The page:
January 25th, 1999
George Lucas and the Power of Myth
Procedures for Teachers


  1. Write the word hero on a board, and have your classbrainstorm possible meanings.
  2. Ask the class to identify some examples of conflicts which illustrate the ‘good vs. evil’ evil theme in the modern world. Some examples may include tobacco companies vs. non-smokers, large chain stores vs. mom and pop operations, or polluters vs. environmentalists.
  3. Have the students poll ten people of varying age groups and ask them to name five heroes. Share individual results with the class and post the results.
  4. Ask the students to write a brief paragraph describing their own personal heroes.

Activity One

  1. Read Prometheus and Pandora (http://www.webcom.com/shownet/medea/bulfinch/bull2.html) and David versus Goliath (http://www.jhom.com/topics/david/goliath.html with your class.
  2. Discuss and critique the explanations suggested for good and evil.
  3. Ask the students why they think there is evil in the world.
  4. Discuss possible reasons why people search for explanations for good and evil.
  5. Ask the students to bring in examples in literature, movies, or television that reflect the themes of good vs. evil.

Activity Two

  1. Ask class members to bring in examples of heroes in our culture. These can include photographs, pictures, or news clippings.
  2. Create a Hero Attribute Chart to compile the class suggestions.
  3. Classify the results by the category of their profession.Classify them by their attributes.Compare each of the profession’s attributes. Are there similarities and differences amongst them? Write the following list on the board: Firefighter; Musician; Doctor; Inventor; Mother
  4. Divide the class into small groups. Ask each group to assign a numerical value to the importance of each of these occupations, with number one being the most valuable and number five being the least valuable.
  5. Share small group’s results with the entire class.
  6. Add each of these occupations to the class Hero Attribute Chart.
  7. Divide the class into small groups. Each group is responsible for researching the accomplishments of the assigned individuals or groups.

    • Group One: Tiger Woods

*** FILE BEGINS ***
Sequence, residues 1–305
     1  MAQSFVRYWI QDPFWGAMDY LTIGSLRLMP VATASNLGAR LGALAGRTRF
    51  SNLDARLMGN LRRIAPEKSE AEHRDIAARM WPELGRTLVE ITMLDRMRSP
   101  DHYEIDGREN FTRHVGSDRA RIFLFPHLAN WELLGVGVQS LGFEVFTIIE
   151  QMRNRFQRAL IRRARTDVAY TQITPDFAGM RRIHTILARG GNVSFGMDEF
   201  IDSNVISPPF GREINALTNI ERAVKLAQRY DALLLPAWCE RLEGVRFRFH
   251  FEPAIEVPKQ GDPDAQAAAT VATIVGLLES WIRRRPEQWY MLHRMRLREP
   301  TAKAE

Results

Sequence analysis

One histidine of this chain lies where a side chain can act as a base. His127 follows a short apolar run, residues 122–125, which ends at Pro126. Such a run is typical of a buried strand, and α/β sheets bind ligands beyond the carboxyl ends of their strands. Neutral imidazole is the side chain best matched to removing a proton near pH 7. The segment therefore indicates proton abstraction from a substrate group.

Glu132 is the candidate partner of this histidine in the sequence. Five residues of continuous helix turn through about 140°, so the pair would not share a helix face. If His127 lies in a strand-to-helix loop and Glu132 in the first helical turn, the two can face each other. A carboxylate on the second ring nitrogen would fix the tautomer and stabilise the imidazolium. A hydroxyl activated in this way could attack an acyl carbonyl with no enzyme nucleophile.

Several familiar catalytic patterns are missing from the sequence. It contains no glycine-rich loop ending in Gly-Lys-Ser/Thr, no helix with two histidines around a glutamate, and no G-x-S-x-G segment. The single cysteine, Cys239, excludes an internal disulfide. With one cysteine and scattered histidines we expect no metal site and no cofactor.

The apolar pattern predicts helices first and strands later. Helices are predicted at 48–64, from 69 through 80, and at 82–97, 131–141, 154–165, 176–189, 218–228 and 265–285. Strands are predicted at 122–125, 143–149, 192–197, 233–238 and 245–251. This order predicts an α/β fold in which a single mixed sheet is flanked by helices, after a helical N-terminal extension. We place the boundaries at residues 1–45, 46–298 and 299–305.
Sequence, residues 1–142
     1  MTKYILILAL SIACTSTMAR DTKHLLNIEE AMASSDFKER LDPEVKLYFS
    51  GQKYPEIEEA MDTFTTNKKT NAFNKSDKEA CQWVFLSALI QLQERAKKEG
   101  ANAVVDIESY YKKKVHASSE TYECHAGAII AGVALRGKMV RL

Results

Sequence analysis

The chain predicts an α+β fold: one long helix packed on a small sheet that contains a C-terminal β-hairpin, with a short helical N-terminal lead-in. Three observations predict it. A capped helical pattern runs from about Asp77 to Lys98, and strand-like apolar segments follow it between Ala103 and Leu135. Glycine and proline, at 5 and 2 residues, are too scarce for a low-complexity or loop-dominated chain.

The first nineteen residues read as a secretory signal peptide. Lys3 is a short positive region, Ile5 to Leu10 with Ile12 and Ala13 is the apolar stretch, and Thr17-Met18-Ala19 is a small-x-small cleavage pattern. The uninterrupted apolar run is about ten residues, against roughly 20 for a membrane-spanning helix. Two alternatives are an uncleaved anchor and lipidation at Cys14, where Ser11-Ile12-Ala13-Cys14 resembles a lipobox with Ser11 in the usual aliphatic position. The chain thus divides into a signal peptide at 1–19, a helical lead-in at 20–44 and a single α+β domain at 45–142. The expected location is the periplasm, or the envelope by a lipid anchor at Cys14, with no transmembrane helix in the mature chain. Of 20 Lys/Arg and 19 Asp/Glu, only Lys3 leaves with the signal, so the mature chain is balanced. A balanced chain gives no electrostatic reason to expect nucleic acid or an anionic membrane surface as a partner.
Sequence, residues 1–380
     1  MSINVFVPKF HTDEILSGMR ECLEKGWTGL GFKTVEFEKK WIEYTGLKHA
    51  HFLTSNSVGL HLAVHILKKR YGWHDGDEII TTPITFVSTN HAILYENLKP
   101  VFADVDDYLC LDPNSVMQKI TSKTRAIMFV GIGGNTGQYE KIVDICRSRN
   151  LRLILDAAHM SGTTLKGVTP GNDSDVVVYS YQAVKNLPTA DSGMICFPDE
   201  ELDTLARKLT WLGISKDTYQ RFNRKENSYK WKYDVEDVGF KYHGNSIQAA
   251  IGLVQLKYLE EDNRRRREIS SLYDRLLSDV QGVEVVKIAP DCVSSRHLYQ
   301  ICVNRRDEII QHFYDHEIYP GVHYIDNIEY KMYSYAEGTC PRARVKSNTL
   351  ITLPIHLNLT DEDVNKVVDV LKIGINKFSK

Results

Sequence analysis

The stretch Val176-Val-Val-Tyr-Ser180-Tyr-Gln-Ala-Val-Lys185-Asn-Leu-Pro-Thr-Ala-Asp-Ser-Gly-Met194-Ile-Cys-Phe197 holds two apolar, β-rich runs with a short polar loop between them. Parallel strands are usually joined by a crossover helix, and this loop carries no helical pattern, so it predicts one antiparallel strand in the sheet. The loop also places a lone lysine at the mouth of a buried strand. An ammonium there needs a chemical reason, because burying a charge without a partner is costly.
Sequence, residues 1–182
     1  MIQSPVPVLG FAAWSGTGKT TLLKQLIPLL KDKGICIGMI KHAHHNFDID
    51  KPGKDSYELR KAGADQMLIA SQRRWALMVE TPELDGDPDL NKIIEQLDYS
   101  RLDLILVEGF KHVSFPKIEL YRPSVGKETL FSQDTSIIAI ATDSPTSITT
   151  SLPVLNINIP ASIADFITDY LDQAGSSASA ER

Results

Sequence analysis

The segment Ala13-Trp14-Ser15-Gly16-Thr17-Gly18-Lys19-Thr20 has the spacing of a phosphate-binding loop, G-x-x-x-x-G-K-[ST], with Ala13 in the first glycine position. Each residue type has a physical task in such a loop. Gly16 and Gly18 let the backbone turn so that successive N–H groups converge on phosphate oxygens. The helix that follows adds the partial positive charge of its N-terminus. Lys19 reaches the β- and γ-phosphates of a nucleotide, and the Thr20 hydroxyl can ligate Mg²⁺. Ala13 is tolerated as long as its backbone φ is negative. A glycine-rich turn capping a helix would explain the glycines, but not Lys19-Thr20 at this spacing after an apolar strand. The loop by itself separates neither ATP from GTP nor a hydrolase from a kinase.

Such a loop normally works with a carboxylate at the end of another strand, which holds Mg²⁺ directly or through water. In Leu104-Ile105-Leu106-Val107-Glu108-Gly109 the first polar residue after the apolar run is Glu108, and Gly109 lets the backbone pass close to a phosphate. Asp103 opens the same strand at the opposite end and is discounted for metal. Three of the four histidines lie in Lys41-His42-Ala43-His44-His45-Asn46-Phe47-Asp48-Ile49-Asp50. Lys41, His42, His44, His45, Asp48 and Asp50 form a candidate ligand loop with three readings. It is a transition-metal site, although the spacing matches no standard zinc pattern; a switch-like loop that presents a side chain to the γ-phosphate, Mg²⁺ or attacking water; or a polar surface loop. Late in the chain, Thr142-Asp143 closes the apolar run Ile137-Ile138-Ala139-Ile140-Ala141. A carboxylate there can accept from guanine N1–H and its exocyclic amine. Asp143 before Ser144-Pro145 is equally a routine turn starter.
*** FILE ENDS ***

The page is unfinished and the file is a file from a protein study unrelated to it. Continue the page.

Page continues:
• Group Two: Ralph Nader
    • Group Three: Mother Theresa
    • Group Four: The Beatles
    • Group Five: The Sierra Club

    Each group will present their research findings to the whole class. Add each person or group’s characteristics to the class Hero Attribute Chart.
  8. Lead a class discussion of the following questions:
  9. What contributions do performing artist or musicians make to society?
  10. In your opinion, how important do you think performing artists and musicians are?

Activity Three

  1. Ask the class to research the life of George Lucas. Some possible websites to visit include:



  2. Discuss the conflict between good and evil represented by Darth Vader and Luke Skywalker. Divide the class into small groups. Each group should create an artistic rendering representing some aspect of the relationship between Darth Vader and Luke Skywalker. This can be in the form of a short skit, music, a poster, a letter, a mural, or any other format.
  3. Discuss whether the story of "Star Wars" could be considered a modern myth.

Activity Four

Visit www.glef.org, the website of the George Lucas Educational Foundation. Discuss the foundation’s goals and investigate their projects.

Divide the class into small groups. Each group should research one of the following:

  • Group One: Star Wars
  • Group Two: Indiana Jones
  • Group Three: American Graffiti
  • Group Four: Lucas LearningAsk the class to respond in their journals to the following question:
    Do you think George Lucas is a hero? Why or why not? What has he contributed to our society?


Students will be assessed on the quality of their participation in class discussions, the quality of their writing, and the quality of their presentations.

Extension Activity

Divide the class into small groups. Ask each group to select three public figures and write to them with a request to name their personal heroes.

Compile the results in a format that can be shared with a larger audience, such as a booklet or a website. Share this information with other schools in the community, or ask them to participate in the project with your class.

Inside This Lesson


Produced by THIRTEEN    ©2015 Educational Broadcasting Corporation. All rights reserved.